As part of taking down a patient’s history, a doctor or his or her staff would customarily include a blurb about the circumstances that led to the injury. However — and this is a big “however” — the circumstances are only documented to the extent that they impact on the care and treatment of the patient. Thus, for example, if a patient comes in with a neck injury from an automobile accident, it would be important for medical purposes to note whether the injury occurred as a result of traction or compression, but not whether the injured person has a valid driver’s license or an excellent driving record. Stating that Zimmerman was authorized to carry a firearm is completely irrelevant to his care and treatment (since the appropriate treatment would have been the same had he, in fact, been carrying the gun illegally). The whole statement is in the nature of legal argument, rather than medical history, and reflects a lay person’s misapprehension that a medically irrelevant statement in a doctor’s report is somehow binding on the trier of fact as evidence.
I know from my professional experience that it is remarkably easy to find a storefront “family doctor” who will falsify a report for you. There are some, in fact, who are known to do this routinely for accident litigation and don’t go to particular lengths to hide it. Hospital records, by contrast, are very difficult to falsify successfully — because hospitals, being under strict governmental oversight, have systems and bureaucracies in place to detect and severely punish falsification. Diagnostic films, similarly, may not be impossible to manipulate, but such a task would be technically daunting and necessitate the involvement of not only a doctor and a technician, but also of an engineer, possibly several.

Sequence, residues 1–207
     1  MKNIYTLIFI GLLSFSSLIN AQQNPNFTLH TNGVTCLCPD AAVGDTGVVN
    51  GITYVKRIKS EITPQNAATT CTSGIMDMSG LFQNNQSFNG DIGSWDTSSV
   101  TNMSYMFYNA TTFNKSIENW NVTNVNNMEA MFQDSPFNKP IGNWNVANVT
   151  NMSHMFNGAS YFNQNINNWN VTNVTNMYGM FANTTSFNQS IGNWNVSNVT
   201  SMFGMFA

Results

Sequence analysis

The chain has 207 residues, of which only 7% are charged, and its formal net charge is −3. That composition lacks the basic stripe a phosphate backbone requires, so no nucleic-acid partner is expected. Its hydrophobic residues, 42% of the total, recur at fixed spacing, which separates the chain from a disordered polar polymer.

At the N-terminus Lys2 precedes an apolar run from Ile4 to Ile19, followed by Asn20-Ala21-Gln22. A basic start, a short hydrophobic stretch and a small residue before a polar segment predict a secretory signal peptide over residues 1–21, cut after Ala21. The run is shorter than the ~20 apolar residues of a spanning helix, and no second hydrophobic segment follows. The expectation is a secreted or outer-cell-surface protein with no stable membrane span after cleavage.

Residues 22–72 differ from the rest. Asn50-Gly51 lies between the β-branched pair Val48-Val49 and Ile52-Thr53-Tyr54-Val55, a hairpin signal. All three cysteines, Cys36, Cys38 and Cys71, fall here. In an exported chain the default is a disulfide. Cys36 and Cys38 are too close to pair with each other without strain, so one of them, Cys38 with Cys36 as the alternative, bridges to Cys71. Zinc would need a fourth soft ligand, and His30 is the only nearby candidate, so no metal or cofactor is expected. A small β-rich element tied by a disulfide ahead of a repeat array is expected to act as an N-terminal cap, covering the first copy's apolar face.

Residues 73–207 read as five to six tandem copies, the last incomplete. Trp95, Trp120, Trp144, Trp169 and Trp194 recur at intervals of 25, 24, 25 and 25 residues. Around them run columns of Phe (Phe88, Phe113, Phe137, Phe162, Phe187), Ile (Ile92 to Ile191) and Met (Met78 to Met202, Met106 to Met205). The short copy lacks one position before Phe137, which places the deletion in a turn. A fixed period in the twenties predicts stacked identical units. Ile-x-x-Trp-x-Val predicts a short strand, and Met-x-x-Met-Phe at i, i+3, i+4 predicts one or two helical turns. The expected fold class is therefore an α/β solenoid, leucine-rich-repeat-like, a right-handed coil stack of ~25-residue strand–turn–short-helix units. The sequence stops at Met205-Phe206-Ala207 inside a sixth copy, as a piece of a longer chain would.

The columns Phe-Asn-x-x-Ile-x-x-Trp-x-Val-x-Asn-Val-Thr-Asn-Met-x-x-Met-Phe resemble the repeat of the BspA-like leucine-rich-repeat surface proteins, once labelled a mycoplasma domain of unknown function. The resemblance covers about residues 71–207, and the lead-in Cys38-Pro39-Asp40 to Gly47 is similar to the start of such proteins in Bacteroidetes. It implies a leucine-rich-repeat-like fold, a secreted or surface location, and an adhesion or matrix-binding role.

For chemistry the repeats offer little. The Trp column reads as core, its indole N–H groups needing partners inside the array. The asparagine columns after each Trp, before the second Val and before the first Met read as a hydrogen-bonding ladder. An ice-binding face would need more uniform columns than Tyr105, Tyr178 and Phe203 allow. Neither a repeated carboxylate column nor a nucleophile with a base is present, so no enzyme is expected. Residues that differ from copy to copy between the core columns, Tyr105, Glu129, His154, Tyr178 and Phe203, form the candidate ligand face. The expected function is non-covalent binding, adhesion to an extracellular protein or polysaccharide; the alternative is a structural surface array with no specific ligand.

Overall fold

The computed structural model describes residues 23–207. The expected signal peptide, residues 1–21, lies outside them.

In cases where someone’s medical condition is in controversy, medical records are typically taken at face value. However, there are certain tale-tale signs that lawyers and investigators look for that would indicate that a medical record is falsified. These signs are as follows:
The report that supposedly exonerates Zimmerman shows all of the above indicia of fraud, and was almost certainly created for the trial and back-dated to February 27.
There are a couple of other major inconsistencies in Zimmerman’s account. For one, the stationhouse video, taken on the night of the incident, shows two minor abrasions on the back of Zimmerman’s head, with no bleeding — an injury inconsistent with his claim that Trayvon Martin pounded his head on the pavement for a whole minute. Unless, of course, Zimmerman has a skull made of titanium, covered in dinosaur skin. Two, Zimmerman claimed that he shot Martin at close range while Martin was beating him — but the results of the autopsy indicate that the fatal shot was fired from intermediate range — which certainly contradicts Zimmerman’s account that his life was in imminent danger.
“But wait,” Zimmerman’s supporters may interject at this point, “What about the bruising on Trayvon Martin’s knuckles from beating up on Georgy like a piñata?” Here too, I’m afraid, the supposedly exonerating evidence is underwhelming. The autopsy indicates that Martin had one small bruise on one of his knuckles, which he could have sustained in a variety of ways — but which would not be consistent with him repeatedly punching Zimmerman with his fists.
In short, Zimmerman is still on the hook. And, if the prosecutor is even minimally competent, the good doctor will get fileted on the stand — which would be getting off lightly, in my opinion.